Terps penalize selves, delay basketball drills

October 09, 1990|By Don Markus | Don Markus,Sun Staff Correspondent

COLLEGE PARK -- The University of Maryland has penalized itself for an admitted rules violation by delaying the opening of men's basketball practice five days, athletic director Andy Geiger announced yesterday.

In taking his first decisive action since coming on the job last week, Geiger said that the length of the self-imposed penalty matched the number of pickup games observed by coach Gary Williams and his coaching staff before last season. Geiger said that Williams had watched parts of two workouts.

"I consider this pretty important, and I want to get this business behind us and not have to worry about this anymore," said Geiger.

With the penalty, the Terps will open preseason practice Oct. 20 rather than the normal Oct. 15.

Geiger said he will meet today with Mark Jones, a director of enforcement for the National Collegiate Athletic Association, at the organization's headquarters outside Kansas City. University counsel Dennis Blumer and John Anderson of the state attorney general's office also will attend the meeting.

Observing preseason workouts normally is considered a minor, or secondary, infraction by the NCAA. But the NCAA has examined this matter more vigorously because Maryland was under investigation for more serious violations committed under former coach Bob Wade.

The Terps subsequently were put on three years' probation, including a two-year ban from postseason competition and a one-year ban from live television appearances. Maryland's appeal of the sanctions was rejected by the NCAA in August.

Asked if the self-imposed penalty would ensure that the NCAA doesn't pursue the matter further, Geiger said: "I'm hopeful it will be a sign that we're taking this very seriously. There is a clear message that we want to have a firm hand at the helm."

Said Jones: "I won't comment on whether a self-imposed penalty by an institution is appropriate. Anything they report will be reviewed by the Committee on Infractions."

The NCAA's Committee on Infractions will meet next in Hilton Head, S.C., Nov. 8-10.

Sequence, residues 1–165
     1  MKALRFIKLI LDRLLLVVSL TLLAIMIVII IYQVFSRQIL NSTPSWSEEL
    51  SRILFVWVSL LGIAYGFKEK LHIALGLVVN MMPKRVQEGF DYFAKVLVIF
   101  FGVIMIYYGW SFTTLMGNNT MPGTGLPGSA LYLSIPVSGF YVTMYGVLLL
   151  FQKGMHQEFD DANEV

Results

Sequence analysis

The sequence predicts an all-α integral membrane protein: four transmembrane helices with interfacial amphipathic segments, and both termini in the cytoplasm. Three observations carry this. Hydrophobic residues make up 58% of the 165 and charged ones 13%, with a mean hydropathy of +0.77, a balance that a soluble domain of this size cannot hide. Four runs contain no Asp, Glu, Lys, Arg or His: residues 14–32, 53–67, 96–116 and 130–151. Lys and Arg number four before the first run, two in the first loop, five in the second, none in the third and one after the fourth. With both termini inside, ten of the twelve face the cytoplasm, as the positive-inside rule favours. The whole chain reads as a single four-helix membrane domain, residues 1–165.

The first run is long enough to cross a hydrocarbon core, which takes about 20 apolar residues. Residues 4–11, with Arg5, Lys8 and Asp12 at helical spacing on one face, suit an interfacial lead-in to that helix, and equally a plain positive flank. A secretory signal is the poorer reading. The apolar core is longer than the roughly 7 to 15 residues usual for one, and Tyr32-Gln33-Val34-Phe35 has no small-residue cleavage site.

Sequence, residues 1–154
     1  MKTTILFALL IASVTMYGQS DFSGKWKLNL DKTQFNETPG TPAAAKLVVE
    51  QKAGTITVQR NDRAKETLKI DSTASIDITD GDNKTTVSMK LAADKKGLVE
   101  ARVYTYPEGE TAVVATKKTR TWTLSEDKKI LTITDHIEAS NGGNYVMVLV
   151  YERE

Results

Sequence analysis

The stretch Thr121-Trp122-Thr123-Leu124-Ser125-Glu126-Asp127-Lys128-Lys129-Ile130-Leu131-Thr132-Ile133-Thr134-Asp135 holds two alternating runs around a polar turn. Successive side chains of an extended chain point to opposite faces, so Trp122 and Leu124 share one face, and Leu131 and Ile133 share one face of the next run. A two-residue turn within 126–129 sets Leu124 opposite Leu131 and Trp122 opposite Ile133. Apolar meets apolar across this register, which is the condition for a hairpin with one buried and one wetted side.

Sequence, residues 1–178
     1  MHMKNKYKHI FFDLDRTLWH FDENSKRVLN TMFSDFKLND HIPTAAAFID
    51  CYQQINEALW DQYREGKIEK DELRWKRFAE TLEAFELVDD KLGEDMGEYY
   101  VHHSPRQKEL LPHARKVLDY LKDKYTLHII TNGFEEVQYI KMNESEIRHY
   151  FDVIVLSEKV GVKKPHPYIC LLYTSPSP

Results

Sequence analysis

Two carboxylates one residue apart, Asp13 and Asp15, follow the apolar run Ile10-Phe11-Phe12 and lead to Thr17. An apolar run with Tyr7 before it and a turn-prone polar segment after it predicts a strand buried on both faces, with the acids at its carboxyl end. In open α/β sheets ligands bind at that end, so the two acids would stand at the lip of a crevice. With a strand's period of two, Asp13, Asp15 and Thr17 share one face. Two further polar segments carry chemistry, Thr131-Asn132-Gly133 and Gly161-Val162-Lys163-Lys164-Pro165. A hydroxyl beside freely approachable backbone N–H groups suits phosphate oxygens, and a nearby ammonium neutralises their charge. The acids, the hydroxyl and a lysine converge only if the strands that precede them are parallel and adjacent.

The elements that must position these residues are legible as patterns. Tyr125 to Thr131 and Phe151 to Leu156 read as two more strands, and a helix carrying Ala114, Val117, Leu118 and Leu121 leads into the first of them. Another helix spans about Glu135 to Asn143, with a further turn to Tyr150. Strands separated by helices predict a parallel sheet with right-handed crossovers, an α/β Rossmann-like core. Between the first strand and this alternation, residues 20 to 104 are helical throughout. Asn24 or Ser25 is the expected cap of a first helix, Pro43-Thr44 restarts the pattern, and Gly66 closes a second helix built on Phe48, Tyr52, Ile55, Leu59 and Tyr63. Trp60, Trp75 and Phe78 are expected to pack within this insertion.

This matter has been going on since January, when Williams admitted that he and members of his staff had observed a couple of preseason workouts. The number of workouts, according to Williams' account, changed twice over the course of three days, and it was decided that two had been observed.

In June, it was reported by The Washington Times and Evening Sun that two former athletic department employees gave sworn depositions to the NCAA saying that they had observed members of Williams' staff running preseason workouts, a more serious charge.

Williams denied that had happened, and Geiger said there is no indication that coaches were involved in more than observing practice. "For a few minutes, up to 15, from what I can figure," Geiger said yesterday.

Asked to explain the discrepancy in the number of practices first reported, Williams said last night, "There's no discrepancy between this and what was told to the NCAA."

Speaking from San Antonio, Williams said he was happy to get thematter resolved, and praised Geiger's quick action. "There's definitely a rule [violation]," Williams said, "so you pay a penalty for it. I guess it's fair. I'm happy that we can go on from here."

Because Williams was out of town, Geiger informed the players before their unsupervised workout yesterday at Cole Field House. Nearly everyone seemed surprised, and some -- Matt Roe in particular -- were angry.

"No one had any idea until we met with Mr. Geiger," said Roe, a senior guard who transferred from Syracuse and sat out last season. "I've been waiting for a year to play. Good things happen to those who wait, so I'll put five more days on the calendar."

Said junior guard Walt Williams: "Hopefully, in the NCAA's eyes, the feeling will be that we're making a change. It shows a lot of character for the university to penalize themselves."

Gary Williams and his players agreed that the five-day delay will

make preparations for the season more difficult. Maryland opens the 1990-91 season Nov. 26 against Towson State and, as a result of the NCAA sanctions, will not play any exhibition games beforehand.

"The way we play, I'm concerned," said Gary Williams, whose roster includes five new players. "We'll really have to concentrate and do a good job in our conditioning. It's better that it happened this year than last year, when the system was new for everybody."

Geiger said the day he was hired that he will be intolerant of any violations, big or small, with all of his coaches. Gary Williams had been privately reprimanded by university president William E. Kirwan before Geiger's arrival.

"What happened was a violation, not the most severe violation that has ever been committed, but serious just the same," said Geiger. "We need to do things correctly, and we need to move all our programs onto the highest road, which I think they are."

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